Traditional Polish Krokiety
Russians have some of the most diverse and fascinating dishes in the world. Changes brought by Christianity, pagan dishes and culinary traditions have been blended and enriched over a period of hundreds of years. Due to the cold weather that lasts up to nine months in some areas, the Russians prepare their winter meals in advance during the summer, making various canned foods, pickles, jams and salted, dried or smoked meat and fish. Since the market shelves were often emptied during the Soviet era, many Russians relyed on pickled fruit and vegetables they cultivated on their own land. Many of these preserved foods remain popular icons among Russian dishes.
Features of Russian dishes:
Russian food has a rich history of interaction with other cultures, resulting in unique food and flavors.
Many foods are prepared in the summer and used for six to nine months in winter. This means a fascinating culinary tradition filled with hundreds of pickle recipes, salted, dried or smoked meat, and food that is stored for months, such as fish and ravioli.
Many Russian dishes emerged as a way to use leftovers, but they became daily basic foods.
Russian pierogi and other baked foods were originally made on special occasions or as part of a religious ritual.
Borch soup (борщ)
Borscht is arguably the most well-known Russian dish, but it is often translated incorrectly as beet soup, which doesn’t sound as great as it actually is.
Borş, which is usually made with meat and vegetables containing potatoes, carrots, onions, cabbage, garlic and beets, is the main dish of Russian culture. There are also several versions of its origin. One of the most popular types in Ukraine has entered Russian cuisine.
Borch recipes originally included beet yeast (a fermented drink, kvass) diluted with water and boiled. Nowadays, some sautéed or otherwise prepared beets are added to the end of the cooking process. It is among the most popular Russian dishes.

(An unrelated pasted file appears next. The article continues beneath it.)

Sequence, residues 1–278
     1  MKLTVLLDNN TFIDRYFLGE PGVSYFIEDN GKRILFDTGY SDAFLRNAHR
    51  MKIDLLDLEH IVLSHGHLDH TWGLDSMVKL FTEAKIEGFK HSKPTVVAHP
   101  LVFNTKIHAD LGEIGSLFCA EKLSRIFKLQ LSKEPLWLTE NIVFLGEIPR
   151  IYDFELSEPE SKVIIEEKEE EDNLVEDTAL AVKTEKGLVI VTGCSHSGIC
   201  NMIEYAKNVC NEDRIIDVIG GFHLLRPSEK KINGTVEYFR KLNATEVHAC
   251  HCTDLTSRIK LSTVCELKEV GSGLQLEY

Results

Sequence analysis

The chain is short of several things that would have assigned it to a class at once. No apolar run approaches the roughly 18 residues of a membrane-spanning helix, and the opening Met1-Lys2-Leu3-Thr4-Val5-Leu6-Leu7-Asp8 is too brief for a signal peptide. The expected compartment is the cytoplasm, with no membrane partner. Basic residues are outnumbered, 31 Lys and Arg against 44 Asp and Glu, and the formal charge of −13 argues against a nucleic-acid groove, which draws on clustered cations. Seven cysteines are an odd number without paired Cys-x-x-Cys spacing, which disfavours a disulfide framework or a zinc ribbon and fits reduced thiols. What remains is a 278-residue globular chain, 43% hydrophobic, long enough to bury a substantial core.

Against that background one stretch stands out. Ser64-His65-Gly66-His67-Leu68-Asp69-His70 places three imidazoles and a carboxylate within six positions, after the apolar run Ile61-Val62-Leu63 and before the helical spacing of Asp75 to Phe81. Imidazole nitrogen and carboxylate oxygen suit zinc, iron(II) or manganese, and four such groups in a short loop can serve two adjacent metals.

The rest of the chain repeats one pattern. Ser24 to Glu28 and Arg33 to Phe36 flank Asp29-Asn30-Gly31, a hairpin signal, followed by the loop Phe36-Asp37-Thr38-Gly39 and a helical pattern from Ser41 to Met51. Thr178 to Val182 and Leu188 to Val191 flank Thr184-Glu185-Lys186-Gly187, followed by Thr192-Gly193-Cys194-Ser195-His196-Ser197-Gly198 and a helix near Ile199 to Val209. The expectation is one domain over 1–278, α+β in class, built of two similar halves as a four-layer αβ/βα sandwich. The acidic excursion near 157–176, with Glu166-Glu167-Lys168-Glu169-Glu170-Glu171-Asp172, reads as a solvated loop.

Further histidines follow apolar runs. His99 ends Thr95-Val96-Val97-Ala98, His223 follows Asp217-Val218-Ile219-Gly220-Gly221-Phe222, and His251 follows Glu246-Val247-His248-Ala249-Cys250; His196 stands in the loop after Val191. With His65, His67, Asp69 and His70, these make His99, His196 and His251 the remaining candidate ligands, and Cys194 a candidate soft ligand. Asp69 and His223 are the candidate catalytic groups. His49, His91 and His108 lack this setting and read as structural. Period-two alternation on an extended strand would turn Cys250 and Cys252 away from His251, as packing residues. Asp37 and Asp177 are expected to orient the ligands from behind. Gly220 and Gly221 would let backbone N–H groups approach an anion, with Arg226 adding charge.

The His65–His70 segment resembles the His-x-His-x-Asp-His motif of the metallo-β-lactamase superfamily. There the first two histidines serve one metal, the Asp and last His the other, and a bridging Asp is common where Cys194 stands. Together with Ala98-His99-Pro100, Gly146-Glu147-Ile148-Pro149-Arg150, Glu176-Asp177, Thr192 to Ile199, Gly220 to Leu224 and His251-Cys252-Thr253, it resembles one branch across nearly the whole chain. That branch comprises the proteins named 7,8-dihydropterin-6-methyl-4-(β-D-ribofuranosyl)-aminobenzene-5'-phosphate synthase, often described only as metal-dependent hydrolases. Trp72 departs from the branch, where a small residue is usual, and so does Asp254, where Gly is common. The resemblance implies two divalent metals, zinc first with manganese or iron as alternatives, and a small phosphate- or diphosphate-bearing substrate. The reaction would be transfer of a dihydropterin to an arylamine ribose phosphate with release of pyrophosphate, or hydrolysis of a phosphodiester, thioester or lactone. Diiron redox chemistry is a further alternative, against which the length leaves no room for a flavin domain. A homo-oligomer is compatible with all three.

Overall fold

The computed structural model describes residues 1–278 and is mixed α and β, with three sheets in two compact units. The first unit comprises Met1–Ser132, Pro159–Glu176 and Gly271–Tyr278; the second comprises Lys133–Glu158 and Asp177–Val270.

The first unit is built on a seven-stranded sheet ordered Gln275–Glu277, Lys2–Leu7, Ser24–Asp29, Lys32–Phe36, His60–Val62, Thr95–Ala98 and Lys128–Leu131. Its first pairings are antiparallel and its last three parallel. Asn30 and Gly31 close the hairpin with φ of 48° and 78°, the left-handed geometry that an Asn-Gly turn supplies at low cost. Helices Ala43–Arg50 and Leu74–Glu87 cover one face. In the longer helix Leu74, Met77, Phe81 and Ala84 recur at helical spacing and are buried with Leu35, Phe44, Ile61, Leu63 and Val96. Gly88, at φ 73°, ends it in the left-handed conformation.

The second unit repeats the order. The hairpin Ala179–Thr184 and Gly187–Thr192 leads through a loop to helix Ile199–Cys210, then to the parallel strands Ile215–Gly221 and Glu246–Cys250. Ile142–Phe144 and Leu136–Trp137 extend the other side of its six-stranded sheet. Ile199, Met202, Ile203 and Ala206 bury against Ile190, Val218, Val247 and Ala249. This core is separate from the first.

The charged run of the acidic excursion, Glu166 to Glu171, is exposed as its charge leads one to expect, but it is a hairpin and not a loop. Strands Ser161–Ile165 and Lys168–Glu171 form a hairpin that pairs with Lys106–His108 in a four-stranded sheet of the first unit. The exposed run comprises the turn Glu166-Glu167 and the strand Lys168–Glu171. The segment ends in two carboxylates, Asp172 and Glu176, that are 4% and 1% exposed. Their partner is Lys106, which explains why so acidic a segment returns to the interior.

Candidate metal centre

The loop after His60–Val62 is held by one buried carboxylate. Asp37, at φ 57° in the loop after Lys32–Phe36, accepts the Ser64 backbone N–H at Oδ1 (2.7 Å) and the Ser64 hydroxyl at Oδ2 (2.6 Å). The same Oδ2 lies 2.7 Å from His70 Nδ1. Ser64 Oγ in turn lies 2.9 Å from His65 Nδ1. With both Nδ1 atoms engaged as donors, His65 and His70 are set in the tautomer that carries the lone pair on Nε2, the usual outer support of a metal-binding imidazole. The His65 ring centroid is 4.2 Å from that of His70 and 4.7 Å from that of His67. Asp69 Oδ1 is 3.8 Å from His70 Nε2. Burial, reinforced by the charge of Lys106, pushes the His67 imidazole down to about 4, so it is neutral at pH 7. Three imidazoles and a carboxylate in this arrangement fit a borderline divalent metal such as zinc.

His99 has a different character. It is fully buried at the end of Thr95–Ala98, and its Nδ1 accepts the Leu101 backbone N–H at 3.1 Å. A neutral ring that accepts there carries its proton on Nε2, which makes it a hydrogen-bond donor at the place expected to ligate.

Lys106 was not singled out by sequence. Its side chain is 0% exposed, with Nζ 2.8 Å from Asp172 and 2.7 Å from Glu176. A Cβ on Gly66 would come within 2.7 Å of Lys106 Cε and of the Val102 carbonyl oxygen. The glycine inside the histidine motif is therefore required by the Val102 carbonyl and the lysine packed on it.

Each cook has his own recipe for borscht soup. It can be made with or without meat, or with mushrooms, using red meat or poultry and even fish. Although the soup of brochures is primarily a public dish, the Russian kingdom loved it later. II. Katerina (Catherine The Great) said it was her favorite food, and she had a special chef in the palace who made borscht soup for her.
Pelmeni, which is similar to Italian ravioli, is another meal that joined the Russian food in the 14th century. It remained a popular dish in the Ural and Siberian regions of Russia until the 19th century before it spread to the rest of the country.
Although there is no precise information about its origin, most of the theories agree that its pelmen came from China. The Russians learned to make pelmeni from the Komi people, which are unique to the Ural region.
A simple yet tasty and satisfying dish, pelmeni is made from meat, flour, eggs and water, and sometimes spices such as garlic, salt and pepper are added. Small meatballs are then boiled for a few minutes. Due to the simplicity of the cooking process and the fact that the frozen pelmen can be stored for months, this dish is popular with hunters and travelers who carry pelmen with them and cook them on campfire.
Blinis come from Slavic pagan traditions and symbolize the sun and the gods that represent it. It originally remained peculiar to Maslenica week (Maslenitsa, religious public holiday before Grand Lent) and is still one of the most preferred dishes in Russia.
There are a variety of recipes for blinis, including small drop buns, lacy paper-thin large blinis, sweet thick pancakes made with milk and many more. It is usually wrapped in meat, vegetable and cereal-based underwear. It is a popular Russian food dessert.
Pierogi or piruhi are traditionally seen in Russia as a symbol of inner happiness and culinary skill. It was only served on special occasions or when hosting guests. The word Пирог gives an idea of the symbolic meaning of this popular dish. Because the word is derived from the word пир, which means feast.
Different types of pyruvies were made for different situations. For example, while cabbage pyruh was served on name days, sour yeast (sourdough) was made at baptism and a coin or button was placed in it for luck. Baptism parents would only buy their own sweet pilaf.
Although there are hundreds of different recipes for this dish, it was traditionally made in an oval or rectangular shape. As a result, Piruhi became part of everyday Russian dishes, as they are made with ingredients that are accessible to everyone.